Will There Ever Be a Cure for the Common Cold? “Cure” is a word that has a very specific meaning in medical research, and with something like a cold, which gets better anyways, we probably shouldn’t even be using it. So let’s talk instead about “treating” colds.

To be honest, there isn’t a lot of research on treating colds with natural medicine, either. Although the research is a heckuva lot better with natural med than with drugs. Pharmaceutical medicine simply hasn’t come up with decent antivirals or immune stimulants yet.

There has been some evidence that certain herbs (Andrographis, Umckaloabo, Elderberry, Echinacea depending on the study)[2], nutrients (NAC, zinc), and practices (using a neti pot) can lessen the duration and severity of respiratory viral infections. In my opinion, however, the best ways to treat a cold or flu are still waiting to be researched. For example, the American plant Lomatium, the coconut-derivative monolaurin, and the Chinese formula Yin Chiao are all standouts that haven’t been proven, or disproved, in solid trials yet. So, maybe just trust me on these?

[Debra here: No research, but worth mentioning so you don’t get sick – Burke Lennihan of Your Natural Medicine Cabinet says that the homeopathic cell salt, Ferrum Phos is the ‘nip it in the bud’ remedy, which typically works when you feel off, before you really get sick. Use it with either 30 C Arsenicum, the “nose running like a faucet” remedy, or Allium when the runny nose is turns red , itchy and raw. Now back to Adam…]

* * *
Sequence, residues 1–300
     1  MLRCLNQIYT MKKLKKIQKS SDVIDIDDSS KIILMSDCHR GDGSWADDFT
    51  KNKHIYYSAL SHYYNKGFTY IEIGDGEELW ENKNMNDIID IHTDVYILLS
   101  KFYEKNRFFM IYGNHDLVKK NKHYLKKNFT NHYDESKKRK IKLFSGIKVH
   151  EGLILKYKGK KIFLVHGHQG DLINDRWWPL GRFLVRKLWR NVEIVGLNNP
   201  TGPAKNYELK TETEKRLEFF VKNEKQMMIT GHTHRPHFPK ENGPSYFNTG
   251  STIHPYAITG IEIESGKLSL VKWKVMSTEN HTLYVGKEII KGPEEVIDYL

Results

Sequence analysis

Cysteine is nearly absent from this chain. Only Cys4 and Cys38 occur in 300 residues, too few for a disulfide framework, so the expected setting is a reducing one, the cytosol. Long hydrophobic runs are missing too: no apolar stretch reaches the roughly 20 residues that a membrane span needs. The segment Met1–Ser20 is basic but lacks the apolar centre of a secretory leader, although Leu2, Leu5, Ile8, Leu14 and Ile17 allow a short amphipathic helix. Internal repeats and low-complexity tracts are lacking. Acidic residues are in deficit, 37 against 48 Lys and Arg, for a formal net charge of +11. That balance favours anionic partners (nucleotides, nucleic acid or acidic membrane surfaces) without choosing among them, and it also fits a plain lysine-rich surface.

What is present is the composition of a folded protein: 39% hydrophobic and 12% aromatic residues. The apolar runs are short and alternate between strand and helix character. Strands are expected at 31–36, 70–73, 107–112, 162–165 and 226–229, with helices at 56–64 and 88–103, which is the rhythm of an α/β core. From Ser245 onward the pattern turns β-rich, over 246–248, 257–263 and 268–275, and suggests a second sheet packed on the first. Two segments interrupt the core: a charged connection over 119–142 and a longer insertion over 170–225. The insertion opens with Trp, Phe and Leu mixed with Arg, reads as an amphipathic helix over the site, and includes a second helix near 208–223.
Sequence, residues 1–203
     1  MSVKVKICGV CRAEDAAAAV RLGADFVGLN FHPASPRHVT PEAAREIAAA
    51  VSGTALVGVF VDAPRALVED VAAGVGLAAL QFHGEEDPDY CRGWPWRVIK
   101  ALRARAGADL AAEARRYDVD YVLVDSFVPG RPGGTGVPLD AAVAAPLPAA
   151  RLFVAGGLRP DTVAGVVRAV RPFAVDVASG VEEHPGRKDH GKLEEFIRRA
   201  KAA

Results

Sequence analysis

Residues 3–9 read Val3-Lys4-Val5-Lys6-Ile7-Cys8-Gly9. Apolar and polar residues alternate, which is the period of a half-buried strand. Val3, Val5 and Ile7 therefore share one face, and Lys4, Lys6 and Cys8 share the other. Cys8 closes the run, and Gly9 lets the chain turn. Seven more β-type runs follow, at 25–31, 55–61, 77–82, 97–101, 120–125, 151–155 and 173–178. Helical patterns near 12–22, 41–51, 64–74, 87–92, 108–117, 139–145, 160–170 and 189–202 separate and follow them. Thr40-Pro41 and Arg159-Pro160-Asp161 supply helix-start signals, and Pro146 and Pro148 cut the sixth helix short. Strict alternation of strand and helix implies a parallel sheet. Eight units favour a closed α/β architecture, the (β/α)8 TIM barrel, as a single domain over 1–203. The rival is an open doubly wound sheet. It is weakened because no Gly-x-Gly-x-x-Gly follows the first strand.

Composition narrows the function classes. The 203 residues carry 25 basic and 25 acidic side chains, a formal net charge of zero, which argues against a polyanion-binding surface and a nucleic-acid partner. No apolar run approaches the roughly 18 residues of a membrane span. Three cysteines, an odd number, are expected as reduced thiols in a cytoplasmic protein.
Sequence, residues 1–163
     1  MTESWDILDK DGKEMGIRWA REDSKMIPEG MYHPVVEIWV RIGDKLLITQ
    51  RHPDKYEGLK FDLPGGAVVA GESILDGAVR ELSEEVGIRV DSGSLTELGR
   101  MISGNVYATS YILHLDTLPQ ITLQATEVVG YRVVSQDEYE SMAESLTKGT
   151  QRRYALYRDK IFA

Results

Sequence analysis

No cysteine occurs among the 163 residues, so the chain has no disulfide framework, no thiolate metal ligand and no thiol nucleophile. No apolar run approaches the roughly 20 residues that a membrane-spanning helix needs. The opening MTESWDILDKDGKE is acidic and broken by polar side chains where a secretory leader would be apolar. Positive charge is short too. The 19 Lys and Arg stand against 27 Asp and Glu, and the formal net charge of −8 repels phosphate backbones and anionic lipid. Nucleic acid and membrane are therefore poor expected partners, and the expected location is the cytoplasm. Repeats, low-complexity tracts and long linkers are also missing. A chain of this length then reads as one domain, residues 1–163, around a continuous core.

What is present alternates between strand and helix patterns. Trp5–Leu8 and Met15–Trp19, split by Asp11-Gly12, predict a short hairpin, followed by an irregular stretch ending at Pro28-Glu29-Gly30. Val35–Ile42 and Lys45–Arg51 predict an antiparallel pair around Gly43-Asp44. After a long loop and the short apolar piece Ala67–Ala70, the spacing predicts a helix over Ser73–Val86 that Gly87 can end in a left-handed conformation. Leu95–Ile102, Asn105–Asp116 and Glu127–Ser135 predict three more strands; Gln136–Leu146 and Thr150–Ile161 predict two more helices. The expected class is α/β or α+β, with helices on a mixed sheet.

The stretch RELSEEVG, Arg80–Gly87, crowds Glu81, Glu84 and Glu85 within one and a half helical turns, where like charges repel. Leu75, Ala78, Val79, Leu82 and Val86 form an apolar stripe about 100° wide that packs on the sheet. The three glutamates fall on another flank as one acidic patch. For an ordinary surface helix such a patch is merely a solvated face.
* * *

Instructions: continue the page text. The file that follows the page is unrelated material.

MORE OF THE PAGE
When we move to cold and flu prevention (i.e. taking something for a month or two to reduce the risk), the research all of a sudden kicks into high gear.

Let’s look at NAC. NAC is an amino acid derivative, which is to say it’s sort of a component of protein. It enhances immunity, clears toxins, thins mucous, and protects all the tissues of the body, especially the liver and lungs. In one absolutely stunning trial, 262 elderly Italian men were divided into two equal groups. One took two 600 mg pills of NAC daily for six months over the winter flu season; the other, two placebo pills. At the end of the trial, everyone had a blood test to show who had been exposed to the flu that winter.

An equal number of men in both groups were exposed to the flu. An equal number had developed an immune response to the flu. But of the men exposed, 79% of the men taking the placebo reported having flu symptoms, compared to only 25% of the men who took the NAC. Plus those who TOOK THE NAC AND got the flu got it much more lightly. In other words, the NAC helped the immune system work better and more efficiently, and mopped up the symptoms better.